That many of the families now seeking restitution are Jewish is hardly surprising. Prior to World War II, a disproportionate number of art dealers and collectors were Jewish. Following the rise of the Nazis to power in 1933 and the passage of the Nuremberg Laws in 1935, many of them were forced to sell their art below market value -- at so-called "Jewish auctions" -- to raise money for their escape.
Leo Bendel, whose story is the first of the 109 case studies presented in the new book, is just one example of how the Nazis exploited collectors. Bendel was a small-time Berlin art collector who owned "Fiat Justitia" but sold the painting on June 15, 1937 to a gallery in Munich for 16,000 reichsmarks to finance his family's escape from Germany. Just nine months later, the painting was bought at the behest of Adolf Hitler for his planned megalo-museum in Linz for 25,000 reichsmarks -- a clear indication that Bendel's persecution by the Nazis was a factor in both the sale and the low price he received.
Bendel fled to Vienna where he was -- despite converting to Catholicism -- rounded up by the Nazis after Austria was annexed in 1938. He was deported to Buchenwald concentration camp where he died in the spring of 1940.
Other Jewish-owned collections were simply "Aryanized" -- essentially stolen -- by the Nazis in their quest to put together the world's biggest and best art collection. After the war, many of them were taken out of Germany by Allied soldiers (many works were mistakenly believed to be German state property) or otherwise sold abroad, and are now spread out in museums and private collections across the world.
Authors Schnabel and Tatzkow are hoping their book, with its detailed look at the legal framework each country has put in place to deal with the return of Nazi looted art, will make it easier for descendants to regain ownership of their family's works. It will also, no doubt, ratchet up the already growing pressure on German museums to conduct extensive research into their own works of art acquired since World War II.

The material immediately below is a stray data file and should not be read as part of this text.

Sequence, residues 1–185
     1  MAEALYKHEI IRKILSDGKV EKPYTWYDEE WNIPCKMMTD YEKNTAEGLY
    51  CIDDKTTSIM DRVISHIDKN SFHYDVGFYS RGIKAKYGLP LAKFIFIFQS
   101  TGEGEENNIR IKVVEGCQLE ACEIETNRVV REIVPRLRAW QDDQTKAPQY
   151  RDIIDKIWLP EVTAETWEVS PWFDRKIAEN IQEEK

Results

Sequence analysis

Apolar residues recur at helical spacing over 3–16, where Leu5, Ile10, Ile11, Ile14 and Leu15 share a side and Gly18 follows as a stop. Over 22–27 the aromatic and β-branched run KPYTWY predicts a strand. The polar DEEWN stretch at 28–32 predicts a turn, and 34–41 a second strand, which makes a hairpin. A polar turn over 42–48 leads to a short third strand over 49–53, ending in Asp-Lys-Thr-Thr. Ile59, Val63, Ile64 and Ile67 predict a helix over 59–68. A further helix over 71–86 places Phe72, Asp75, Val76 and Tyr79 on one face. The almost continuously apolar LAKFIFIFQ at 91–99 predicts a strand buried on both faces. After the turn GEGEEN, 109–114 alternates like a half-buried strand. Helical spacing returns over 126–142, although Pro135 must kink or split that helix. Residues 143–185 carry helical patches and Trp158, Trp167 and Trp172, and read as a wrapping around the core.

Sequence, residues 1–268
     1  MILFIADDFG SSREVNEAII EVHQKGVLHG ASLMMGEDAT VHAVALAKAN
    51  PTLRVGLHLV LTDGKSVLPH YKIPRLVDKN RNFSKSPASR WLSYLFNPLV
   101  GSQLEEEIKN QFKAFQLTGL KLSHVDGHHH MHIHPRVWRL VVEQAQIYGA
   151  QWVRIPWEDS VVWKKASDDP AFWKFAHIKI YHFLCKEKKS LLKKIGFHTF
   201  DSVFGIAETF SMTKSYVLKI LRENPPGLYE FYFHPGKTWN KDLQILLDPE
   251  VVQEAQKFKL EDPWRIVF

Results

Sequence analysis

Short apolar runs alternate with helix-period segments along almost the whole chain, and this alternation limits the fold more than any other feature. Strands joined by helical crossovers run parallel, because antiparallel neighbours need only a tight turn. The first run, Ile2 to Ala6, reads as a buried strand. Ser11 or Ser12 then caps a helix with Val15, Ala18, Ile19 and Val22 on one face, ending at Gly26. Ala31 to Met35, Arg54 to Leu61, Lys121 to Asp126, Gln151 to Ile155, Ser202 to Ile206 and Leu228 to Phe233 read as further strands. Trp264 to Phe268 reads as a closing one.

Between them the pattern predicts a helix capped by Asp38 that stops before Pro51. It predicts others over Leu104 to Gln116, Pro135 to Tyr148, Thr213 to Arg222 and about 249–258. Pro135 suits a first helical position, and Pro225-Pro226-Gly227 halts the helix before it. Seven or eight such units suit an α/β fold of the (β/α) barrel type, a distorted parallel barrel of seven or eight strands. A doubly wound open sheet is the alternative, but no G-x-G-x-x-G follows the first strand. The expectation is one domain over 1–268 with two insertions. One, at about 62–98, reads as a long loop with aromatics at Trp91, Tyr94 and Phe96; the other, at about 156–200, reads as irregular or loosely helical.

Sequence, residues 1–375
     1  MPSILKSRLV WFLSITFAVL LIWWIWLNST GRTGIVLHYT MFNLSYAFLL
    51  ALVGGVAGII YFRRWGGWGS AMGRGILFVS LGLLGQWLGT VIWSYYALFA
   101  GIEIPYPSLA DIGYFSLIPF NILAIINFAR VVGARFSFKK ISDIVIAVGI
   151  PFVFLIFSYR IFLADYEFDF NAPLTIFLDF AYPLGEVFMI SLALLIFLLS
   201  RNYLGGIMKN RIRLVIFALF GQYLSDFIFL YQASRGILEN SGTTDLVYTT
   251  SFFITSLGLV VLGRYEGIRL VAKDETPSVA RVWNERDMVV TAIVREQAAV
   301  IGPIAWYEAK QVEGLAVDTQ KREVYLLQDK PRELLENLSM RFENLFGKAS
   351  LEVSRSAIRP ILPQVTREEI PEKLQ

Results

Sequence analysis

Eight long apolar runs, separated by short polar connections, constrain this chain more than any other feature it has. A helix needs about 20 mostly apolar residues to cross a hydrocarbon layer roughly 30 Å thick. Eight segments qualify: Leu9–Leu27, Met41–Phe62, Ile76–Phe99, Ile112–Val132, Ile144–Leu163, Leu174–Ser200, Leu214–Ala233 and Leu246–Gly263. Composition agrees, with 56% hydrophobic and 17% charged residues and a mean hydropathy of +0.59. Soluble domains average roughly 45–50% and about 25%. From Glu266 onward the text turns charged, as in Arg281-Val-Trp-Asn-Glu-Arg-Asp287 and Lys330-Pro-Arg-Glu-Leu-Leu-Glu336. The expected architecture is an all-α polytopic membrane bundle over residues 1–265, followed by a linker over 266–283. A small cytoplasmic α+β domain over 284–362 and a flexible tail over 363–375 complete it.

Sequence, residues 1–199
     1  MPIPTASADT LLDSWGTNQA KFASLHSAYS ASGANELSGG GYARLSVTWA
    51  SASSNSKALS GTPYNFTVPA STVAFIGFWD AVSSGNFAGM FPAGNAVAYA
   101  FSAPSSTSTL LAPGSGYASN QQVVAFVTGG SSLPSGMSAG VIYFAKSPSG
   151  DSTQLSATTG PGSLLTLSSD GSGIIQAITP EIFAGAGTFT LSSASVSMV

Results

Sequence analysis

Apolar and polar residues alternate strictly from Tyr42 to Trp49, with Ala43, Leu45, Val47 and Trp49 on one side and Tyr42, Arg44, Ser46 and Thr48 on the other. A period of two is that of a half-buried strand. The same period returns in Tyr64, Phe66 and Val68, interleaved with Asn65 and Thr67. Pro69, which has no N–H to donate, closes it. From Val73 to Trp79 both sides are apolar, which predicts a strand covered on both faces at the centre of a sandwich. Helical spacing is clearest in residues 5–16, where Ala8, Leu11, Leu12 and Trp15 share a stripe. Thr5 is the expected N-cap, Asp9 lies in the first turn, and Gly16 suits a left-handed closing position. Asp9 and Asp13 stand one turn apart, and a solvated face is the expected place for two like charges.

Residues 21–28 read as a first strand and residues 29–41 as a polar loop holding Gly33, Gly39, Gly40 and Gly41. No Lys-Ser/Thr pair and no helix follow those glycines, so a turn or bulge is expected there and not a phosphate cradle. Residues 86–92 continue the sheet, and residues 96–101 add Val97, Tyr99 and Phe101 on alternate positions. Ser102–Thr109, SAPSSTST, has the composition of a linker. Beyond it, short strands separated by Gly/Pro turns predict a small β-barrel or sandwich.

Speculation and money
Indeed, one of the central accusations of "Nazi Looted Art" -- which will appear in an English-language version some time in late spring or early summer -- is that Germany has not done enough to trace pieces taken by the Nazis. While the government has called on museums to check their collections in accordance with the Washington Principles, it has done little to help fund such research.
Museums themselves have likewise been reticent about handing over their prized pieces to descendants who often just turn around and sell them for a tidy profit. Martin Roth, general director of Dresden's Staatliche Kunstsammlung (State Art Collection), complained to the German weekly newspaper Die Zeit last summer that "lost art is currently being sought out and politicians are being pressured until they cave in," adding, "it's only about speculation and money." And with the art market booming, state museums are realizing that they can no longer compete for the most important works.
Such a position, Schnabel and Tatzkow made abundantly clear on Tuesday, is contemptible. The point is not how much money the descendants end up making from a sale. The point is the fates of collectors who were persecuted and often murdered by the Nazis -- and who lost all of their possessions along the way.
"We are primarily interested in what happened to the people and families who lost their property because they were seen as Jewish, half Jewish, a quarter Jewish, or otherwise an enemy of Nazi Germany," says Tatzkow.
"And my feeling that there will be a lot more cases in the future comes from the fact that I know Jewish collections well -- and know that there were paintings in those collections that have not yet been found and returned."
"Nazi Looted Art: Handbuch Kunstrestitution Weltweit" by Gunnar Schnabel and Monika Tatzkow, published by Proprietas-Verlag in Berlin, will be available in German in February for 39.80. The English edition is planned for June.